Here's a little potted history for you. William Wilberforce was one of the first British MPs to speak out about slavery in the UK. Those who've heard of him and know about his experiences view him as somewhere between "the epitome of what it takes to be a good Brit" and "a nomination for Episcopalian sainthood."
This film is about Wilberforce's life. It's strange. It was made (and is full of) Britons and it made me miss England quite a bit. It's the sort of film that is going to pull at your heart strings (and be proud of being British) as he battles over a 15yr period to end slavery.
I know it's a film and that by it's very definition it's going to play tricks with the truth, but I enjoyed it all the same.
The funniest thing is that at the same time as I saw this film, I'm reading a book about Alexander Hamilton (the guy on the $10 bill and the first Secretary of the Treasury). Hamilton was working at the same time as a politician in the US as Wilberforce was working in the UK. So I enjoyed comparing the two in my head.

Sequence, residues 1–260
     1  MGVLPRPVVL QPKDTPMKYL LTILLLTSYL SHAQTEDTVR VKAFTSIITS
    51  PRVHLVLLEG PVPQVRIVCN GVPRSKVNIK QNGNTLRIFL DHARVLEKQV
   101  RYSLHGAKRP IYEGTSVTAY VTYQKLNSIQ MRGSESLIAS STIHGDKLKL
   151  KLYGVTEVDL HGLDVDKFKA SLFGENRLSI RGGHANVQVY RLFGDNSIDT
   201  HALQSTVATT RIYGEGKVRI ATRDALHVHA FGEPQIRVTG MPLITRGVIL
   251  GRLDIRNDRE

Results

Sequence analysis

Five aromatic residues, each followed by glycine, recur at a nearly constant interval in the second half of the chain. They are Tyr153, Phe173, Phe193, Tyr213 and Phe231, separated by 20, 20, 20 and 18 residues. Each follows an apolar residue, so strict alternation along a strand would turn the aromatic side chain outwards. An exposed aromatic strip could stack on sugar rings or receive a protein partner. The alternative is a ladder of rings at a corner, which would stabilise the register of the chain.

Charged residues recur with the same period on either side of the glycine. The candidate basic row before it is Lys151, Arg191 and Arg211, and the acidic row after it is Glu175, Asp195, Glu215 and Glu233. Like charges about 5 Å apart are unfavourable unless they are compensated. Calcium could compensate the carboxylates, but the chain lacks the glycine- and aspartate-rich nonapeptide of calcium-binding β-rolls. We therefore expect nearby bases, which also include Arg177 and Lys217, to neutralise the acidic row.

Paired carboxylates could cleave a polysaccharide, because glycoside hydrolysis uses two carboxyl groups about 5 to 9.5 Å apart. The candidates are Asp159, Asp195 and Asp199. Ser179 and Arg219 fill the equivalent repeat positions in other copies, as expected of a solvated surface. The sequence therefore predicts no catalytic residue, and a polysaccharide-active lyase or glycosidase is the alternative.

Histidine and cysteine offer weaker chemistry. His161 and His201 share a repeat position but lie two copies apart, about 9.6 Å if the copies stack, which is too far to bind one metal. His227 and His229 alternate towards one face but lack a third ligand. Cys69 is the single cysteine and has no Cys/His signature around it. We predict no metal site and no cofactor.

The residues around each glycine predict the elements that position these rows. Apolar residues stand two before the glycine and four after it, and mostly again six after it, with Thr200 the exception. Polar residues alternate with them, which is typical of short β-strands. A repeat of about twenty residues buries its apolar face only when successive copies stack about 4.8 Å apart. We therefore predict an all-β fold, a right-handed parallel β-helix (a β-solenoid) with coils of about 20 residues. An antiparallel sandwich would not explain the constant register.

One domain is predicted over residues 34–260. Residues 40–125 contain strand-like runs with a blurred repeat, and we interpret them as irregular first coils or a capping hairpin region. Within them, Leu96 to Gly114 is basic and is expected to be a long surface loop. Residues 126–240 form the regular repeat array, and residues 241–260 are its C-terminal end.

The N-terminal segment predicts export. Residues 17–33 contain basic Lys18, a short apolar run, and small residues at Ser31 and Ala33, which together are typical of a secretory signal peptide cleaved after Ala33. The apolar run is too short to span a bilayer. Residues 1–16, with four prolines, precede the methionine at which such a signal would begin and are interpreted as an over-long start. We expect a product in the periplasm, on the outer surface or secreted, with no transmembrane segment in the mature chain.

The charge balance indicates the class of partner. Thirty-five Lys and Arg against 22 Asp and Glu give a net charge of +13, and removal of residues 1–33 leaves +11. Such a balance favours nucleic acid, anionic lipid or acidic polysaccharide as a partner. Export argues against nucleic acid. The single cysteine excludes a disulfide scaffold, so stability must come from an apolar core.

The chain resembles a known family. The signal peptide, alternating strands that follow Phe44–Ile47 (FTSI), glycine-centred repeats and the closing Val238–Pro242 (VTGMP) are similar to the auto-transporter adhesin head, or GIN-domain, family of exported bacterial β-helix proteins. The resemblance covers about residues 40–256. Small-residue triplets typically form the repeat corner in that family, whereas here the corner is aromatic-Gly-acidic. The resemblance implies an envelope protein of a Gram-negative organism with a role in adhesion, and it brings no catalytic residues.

Wilberforce ended up passing a tricky piece of anti-slavery legislation in a way that directly impacted the nascent American economy, but also pretty much killed the transportation of slaves at the same time (Britain was at war with France, who was shipping slaves to America to fund the war under American "Flags of Convenience." Wilberforce's law said that these ships were fair game and could be attacked by privateers, which they promptly did, making it uneconomic to ship slaves).
The law worked but it made life difficult for the pro-Brit elements of American life (like Hamilton), because the American government (of which Hamilton was a part) was forced to be critical of the Brits, which he found hard and people found difficult to believe.
In England Wilberforce's actions are described as "Brilliant," but after reading the book, I can see that Americans might see it differently. In fact, it became obvious that Wilberforce's cunning was completely misunderstood in America.